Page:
Our daughter, Grace Kathleen Underwood, was born January 2, 1989.

After 25 years of living up to her name, she has gracefully moved into the sweetness that any parent would hope for their daughter. Grace’s charm and appeal are two of her strongest attributes as she teaches in Indianapolis. She is in her second year in special education, teaching life skills to students with moderate to severe disabilities at Emma Donnan Middle School. The school was taken over by the state of Indiana last year because of its consistent inspection failures. Grace was hired in 2012 to teach at Emma Donnan, known now as a “turnaround” school, after being selected to the national teaching corps, Teach For America (TFA). Grace established her special education life skills program the first year of the turnaround process. This past year, she was promoted as the school’s Special Education Department Head.

(And now for some father bragging time…) After her first year, she was selected as Teacher of the Year within her school. This year, received the Sue Lehmann Award for Excellence in Teaching, Indianapolis Region and has automatically become a nominee for the national Sue Lehmann Award for TFA. Grace is a 2007 graduate of Marysville High School, a 2012 graduate of The Ohio State University and has just received a master’s degree in education from Marian University in Indianapolis.

As she creatively developed on her own, Grace’s frequent reinforcement she uses in class as her students succeed and progress is a “kiss your brain!” concept. Upon being encouraged to kiss their brain following a successful task, her students kiss the palm of their hand and then pat that hand to their forehead. As I’ve watched her give the “kiss your brain” positive reinforcement, her students seem to thrive on the self reward with smiles and proud giggles. That simple little self kiss and pat is something that I wish I would have used to reinforce our children as they grew. What a wonderful idea to promote learning and healing.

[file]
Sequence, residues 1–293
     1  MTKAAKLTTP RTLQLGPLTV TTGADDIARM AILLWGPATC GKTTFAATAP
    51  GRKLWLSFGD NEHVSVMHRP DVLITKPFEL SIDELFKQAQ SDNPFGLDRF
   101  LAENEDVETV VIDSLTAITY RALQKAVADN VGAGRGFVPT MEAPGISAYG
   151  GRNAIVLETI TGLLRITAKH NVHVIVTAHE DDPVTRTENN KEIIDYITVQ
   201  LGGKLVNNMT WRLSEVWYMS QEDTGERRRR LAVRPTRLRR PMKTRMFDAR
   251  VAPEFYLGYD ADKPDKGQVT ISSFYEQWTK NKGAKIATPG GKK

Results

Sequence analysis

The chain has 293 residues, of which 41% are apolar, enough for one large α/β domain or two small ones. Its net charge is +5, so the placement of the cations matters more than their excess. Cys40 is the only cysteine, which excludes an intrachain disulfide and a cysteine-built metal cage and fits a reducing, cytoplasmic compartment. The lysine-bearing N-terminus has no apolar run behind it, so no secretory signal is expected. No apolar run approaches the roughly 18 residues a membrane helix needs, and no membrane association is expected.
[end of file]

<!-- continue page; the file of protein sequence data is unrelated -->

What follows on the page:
Our brain controls every single function of our body, mind and spirit. And therefore our brains need to be nurtured. Even though sheathed in a rigid casing of bone, our brains are fragile. Sometimes congenital, brain dysfunction or trauma can also occur in an instant through accident and injury or something known as a cerebral vascular accident (CVA), commonly referred to as stroke. Early in my career as an occupational therapist, I became well acquainted with strokes and stroke victims. I helped many patients with all levels of residual effects of strokes. CVAs can produce devastating brain dysfunction and manifest as physically paralyzing. They can also show permanent minimal effects – even to full recovery.

The minimal effects and full recovery are what I hope and pray for as a young funeral director colleague and friend convalesces from a devastating brain injury- possibly from a stroke.

As my daughter Grace has so encouraged with her student’s whole learning, I pray that God will kiss my colleague’s brain for whole healing. I also ask God to kiss the brains of the numerous doctors, nurses and therapists so they may use the best and most effective techniques to help him heal to normal. I also pray that all those who know and love him and his adorable family will “kiss their brains” while offering support, encouragement and guidance in the days ahead.

Kiss your brain, my friend and get well soon.